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Differences in Secure Messaging, Self-management, and Glycemic Control Between Rural and Urban Patients: Secondary Data Analysis.

Robinson SA, Netherton D, Zocchi M, Purington C, Ash AS, Shimada SL. Differences in Secure Messaging, Self-management, and Glycemic Control Between Rural and Urban Patients: Secondary Data Analysis. JMIR diabetes. 2021 Nov 19; 6(4):e32320.

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Abstract:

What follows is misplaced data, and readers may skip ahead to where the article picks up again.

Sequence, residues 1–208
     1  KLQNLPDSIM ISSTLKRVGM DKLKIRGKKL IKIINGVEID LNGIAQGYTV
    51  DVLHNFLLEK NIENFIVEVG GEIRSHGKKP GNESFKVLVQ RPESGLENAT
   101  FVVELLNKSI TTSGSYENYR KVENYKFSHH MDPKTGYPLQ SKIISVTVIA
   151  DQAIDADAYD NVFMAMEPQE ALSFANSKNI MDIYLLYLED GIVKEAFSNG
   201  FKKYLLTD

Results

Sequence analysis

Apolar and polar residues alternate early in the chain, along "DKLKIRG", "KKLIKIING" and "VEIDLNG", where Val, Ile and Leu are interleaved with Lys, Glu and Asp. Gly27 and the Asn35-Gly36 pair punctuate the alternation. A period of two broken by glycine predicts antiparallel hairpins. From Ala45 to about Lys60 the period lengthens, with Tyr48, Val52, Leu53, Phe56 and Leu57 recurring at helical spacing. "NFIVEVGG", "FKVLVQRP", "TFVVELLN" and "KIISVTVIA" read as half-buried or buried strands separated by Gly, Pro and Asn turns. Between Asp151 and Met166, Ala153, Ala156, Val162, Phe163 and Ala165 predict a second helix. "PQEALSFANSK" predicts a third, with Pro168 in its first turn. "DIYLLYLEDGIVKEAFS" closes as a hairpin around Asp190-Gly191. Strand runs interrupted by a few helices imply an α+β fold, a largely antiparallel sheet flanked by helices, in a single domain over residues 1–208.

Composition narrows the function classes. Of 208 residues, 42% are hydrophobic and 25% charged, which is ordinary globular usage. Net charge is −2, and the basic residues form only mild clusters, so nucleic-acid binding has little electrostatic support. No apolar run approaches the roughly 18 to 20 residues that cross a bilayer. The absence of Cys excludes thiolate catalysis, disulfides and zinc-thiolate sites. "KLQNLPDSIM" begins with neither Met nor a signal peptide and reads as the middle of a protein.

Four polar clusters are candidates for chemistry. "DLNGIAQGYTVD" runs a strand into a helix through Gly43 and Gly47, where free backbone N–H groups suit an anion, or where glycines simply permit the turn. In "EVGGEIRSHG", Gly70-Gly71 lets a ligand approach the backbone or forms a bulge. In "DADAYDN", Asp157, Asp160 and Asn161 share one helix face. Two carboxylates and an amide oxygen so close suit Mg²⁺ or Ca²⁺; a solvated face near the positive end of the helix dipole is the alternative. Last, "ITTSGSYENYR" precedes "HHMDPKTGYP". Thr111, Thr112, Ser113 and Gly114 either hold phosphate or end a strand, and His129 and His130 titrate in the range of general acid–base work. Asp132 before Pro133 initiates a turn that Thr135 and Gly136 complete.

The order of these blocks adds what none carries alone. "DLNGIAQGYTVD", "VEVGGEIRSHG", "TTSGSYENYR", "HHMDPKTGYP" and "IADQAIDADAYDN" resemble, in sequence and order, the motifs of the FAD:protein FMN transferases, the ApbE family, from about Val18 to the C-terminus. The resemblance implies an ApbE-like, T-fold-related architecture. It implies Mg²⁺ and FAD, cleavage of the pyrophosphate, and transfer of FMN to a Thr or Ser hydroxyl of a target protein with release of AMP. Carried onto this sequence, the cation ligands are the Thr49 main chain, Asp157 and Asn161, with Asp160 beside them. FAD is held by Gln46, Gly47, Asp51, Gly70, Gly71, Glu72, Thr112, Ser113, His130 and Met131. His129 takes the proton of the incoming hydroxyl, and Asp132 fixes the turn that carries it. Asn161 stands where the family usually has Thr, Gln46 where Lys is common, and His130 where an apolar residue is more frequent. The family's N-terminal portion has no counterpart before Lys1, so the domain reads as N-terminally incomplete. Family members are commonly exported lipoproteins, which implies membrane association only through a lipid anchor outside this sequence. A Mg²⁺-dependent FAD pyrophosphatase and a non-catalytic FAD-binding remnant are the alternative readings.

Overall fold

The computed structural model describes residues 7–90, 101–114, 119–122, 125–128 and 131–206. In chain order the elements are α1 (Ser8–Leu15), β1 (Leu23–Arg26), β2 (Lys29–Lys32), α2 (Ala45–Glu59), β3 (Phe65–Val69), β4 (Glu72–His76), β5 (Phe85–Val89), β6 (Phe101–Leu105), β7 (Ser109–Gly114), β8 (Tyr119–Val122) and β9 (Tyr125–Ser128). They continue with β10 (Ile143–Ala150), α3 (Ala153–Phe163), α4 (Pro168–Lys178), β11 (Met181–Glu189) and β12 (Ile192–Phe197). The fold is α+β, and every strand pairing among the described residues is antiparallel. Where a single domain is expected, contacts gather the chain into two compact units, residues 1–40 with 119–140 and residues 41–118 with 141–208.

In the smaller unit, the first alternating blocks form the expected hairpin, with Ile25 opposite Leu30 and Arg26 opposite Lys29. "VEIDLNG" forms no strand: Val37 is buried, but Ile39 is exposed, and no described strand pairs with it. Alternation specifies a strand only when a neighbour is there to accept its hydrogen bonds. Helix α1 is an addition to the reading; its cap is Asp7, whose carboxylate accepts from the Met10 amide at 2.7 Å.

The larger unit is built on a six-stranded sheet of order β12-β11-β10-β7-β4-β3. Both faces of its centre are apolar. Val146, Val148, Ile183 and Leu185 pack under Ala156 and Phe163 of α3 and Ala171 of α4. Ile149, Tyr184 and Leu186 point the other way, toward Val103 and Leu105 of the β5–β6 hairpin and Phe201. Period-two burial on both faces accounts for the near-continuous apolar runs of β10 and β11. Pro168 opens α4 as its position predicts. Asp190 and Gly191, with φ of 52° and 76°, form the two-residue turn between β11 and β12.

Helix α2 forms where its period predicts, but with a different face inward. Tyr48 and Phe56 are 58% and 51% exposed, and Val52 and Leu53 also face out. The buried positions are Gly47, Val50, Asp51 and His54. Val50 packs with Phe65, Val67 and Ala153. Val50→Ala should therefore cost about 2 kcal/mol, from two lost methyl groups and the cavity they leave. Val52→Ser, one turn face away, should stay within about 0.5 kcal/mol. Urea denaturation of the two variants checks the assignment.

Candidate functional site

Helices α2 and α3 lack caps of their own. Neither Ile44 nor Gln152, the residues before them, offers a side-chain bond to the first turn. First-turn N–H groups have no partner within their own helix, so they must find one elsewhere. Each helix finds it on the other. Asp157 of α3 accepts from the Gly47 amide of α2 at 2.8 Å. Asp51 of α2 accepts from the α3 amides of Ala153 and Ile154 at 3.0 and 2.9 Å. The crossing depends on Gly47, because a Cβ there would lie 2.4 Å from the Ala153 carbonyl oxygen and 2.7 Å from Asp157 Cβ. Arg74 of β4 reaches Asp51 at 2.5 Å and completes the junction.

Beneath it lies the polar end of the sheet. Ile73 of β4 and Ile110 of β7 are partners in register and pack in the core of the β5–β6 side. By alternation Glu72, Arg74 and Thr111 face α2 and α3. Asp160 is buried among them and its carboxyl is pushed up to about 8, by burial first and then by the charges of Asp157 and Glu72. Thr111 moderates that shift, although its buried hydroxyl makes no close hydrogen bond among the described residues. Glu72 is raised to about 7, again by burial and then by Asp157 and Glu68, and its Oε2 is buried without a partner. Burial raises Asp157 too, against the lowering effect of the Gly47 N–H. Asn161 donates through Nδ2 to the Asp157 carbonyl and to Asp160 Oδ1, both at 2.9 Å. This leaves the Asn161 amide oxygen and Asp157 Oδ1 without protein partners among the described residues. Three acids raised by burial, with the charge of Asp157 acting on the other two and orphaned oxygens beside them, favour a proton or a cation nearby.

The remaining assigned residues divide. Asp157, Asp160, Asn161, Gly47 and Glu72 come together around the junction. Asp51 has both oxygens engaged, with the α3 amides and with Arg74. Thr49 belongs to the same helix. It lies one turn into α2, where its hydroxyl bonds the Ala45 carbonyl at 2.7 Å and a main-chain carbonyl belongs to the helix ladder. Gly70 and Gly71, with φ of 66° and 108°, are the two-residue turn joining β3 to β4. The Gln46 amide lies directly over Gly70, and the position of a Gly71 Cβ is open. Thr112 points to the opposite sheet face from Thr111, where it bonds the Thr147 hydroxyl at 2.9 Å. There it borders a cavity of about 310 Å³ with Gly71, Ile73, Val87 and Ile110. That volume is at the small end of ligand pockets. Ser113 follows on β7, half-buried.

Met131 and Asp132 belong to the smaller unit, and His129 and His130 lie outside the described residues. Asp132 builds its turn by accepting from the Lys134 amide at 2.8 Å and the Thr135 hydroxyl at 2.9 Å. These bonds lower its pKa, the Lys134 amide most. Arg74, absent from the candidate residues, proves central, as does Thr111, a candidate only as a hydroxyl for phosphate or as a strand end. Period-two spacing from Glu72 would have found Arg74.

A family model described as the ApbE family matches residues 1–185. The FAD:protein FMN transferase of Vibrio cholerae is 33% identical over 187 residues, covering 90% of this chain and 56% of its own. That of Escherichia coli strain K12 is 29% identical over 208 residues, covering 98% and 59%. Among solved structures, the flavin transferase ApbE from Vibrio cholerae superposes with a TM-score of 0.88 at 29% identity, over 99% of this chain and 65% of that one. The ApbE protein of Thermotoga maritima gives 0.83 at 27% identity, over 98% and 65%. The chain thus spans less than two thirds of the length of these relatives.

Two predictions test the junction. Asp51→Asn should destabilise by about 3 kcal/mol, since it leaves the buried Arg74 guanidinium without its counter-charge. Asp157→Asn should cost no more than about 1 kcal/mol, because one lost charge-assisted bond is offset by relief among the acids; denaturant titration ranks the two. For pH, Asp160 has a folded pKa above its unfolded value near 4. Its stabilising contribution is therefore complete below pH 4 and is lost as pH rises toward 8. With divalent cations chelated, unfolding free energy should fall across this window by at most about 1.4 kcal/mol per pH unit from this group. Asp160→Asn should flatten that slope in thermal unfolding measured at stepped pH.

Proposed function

BACKGROUND: Rural patients with diabetes have difficulty accessing care and are at higher risk for poor diabetes management. Sustained use of patient portal features such as secure messaging (SM) can provide accessible support for diabetes self-management. OBJECTIVE: This study explored whether rural patients' self-management and glycemic control was associated with the use of SM. METHODS: This secondary, cross-sectional, mixed methods analysis of 448 veterans with diabetes used stratified random sampling to recruit a diverse sample from the United States (rural vs urban and good vs poor glycemic control). Administrative, clinical, survey, and interview data were used to determine patients' rurality, use of SM, diabetes self-management behaviors, and glycemic control. Moderated mediation analyses assessed these relationships. RESULTS: The sample was 51% (n = 229) rural and 49% (n = 219) urban. Mean participant age was 66.4 years (SD 7.7 years). More frequent SM use was associated with better diabetes self-management (P = .007), which was associated with better glycemic control (P < .001). Among rural patients, SM use was indirectly associated with better glycemic control through improved diabetes self-management (95% CI 0.004-0.927). These effects were not observed among urban veterans with diabetes (95% CI -1.039 to 0.056). Rural patients were significantly more likely than urban patients to have diabetes-related content in their secure messages (P = .01). CONCLUSIONS: More frequent SM use is associated with engaging in diabetes self-management, which, in turn, is associated with better diabetes control. Among rural patients with diabetes, SM use is indirectly associated with better diabetes control. Frequent patient-team communication through SM about diabetes-related content may help rural patients with diabetes self-management, resulting in better glycemic control.





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